Premeditated Killing in Florida
For a charge of first degree murder based on a premeditated killing, the prosecutor must show the defendant’s specific intent to kill. The prosecutor often must establish an advance plan or design formed to carry out the homicide. To establish premeditation, the prosecutor may need to present evidence about the defendant’s activities or steps taken to prepare for the killing.
Florida requires the prosecution of “felony murder,” which also leads to a first degree murder charge, when the defendant commits homicide while during the commission of a specified felony or an attempt to carry out a felony. State laws include a list of felonies that qualify a homicide as first degree murder. These felonies include burglary, home-invasion robbery, kidnapping, sexual battery, and many other offenses, including the murder of another person. While the prosecutor must prove that the defendant intended to participate in the underlying felony, the state can proceed with the charge even if the defendant did not personally perform the killing.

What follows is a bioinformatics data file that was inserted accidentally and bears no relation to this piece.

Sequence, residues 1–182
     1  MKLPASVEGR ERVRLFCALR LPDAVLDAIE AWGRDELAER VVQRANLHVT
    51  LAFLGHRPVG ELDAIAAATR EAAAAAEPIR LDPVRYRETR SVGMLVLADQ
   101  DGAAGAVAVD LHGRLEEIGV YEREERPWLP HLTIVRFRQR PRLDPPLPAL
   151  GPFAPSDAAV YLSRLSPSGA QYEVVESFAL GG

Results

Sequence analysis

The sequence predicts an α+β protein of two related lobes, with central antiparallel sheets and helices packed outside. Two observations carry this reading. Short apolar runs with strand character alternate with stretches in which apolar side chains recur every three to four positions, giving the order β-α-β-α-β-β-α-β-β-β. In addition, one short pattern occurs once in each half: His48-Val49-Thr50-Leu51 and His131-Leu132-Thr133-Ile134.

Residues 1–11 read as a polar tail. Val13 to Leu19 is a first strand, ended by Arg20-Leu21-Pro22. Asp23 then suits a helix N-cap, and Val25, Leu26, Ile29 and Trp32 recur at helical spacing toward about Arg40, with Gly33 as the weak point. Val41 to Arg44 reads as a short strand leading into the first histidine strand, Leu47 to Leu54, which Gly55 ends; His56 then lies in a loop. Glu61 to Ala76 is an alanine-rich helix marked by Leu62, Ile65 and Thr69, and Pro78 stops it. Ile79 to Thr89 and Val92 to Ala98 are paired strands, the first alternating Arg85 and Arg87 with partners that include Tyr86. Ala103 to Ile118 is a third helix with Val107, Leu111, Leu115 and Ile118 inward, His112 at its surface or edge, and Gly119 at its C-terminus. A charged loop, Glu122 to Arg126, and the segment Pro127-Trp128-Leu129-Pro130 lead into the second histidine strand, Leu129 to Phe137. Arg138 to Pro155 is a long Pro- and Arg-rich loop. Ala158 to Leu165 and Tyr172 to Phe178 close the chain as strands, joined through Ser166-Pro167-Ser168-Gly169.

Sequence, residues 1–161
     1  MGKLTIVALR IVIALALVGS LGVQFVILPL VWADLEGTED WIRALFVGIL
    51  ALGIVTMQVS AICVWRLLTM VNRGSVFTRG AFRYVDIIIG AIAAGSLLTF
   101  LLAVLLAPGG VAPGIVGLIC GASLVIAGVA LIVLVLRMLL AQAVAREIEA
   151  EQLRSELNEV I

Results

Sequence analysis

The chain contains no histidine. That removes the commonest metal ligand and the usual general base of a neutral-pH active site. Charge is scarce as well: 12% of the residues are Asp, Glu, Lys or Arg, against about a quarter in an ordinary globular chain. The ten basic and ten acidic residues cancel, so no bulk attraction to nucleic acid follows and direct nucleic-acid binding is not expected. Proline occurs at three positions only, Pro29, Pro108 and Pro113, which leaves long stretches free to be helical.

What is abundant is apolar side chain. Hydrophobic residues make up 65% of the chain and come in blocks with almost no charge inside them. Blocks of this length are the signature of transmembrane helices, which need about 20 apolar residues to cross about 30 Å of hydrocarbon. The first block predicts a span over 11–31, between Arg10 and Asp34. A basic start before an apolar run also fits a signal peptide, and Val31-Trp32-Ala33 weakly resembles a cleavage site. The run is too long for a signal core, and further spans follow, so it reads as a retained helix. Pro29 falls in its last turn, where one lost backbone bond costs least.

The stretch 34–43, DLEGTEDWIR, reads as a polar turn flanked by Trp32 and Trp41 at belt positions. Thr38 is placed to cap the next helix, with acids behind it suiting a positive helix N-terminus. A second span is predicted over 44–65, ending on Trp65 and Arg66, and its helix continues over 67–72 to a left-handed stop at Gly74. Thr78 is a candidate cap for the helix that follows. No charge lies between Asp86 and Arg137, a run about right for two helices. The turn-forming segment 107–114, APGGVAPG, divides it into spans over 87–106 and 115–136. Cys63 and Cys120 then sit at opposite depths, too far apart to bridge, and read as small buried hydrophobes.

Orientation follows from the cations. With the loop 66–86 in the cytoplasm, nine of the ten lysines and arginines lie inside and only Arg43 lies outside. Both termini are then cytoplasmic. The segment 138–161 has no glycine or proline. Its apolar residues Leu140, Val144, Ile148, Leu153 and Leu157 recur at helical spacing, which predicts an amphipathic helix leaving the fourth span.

Homicide Caused by Drug Dealing and Related Crimes
Lastly, Florida state laws specify first degree murder for a homicide caused by drug dealing and the unlawful distribution of controlled substances. The drug-related offenses must involve controlled substances specified by state law, including cocaine and opium. For example, if a victim dies from a drug overdose, the state might try to prosecute the drug distributor on a charge of first degree murder.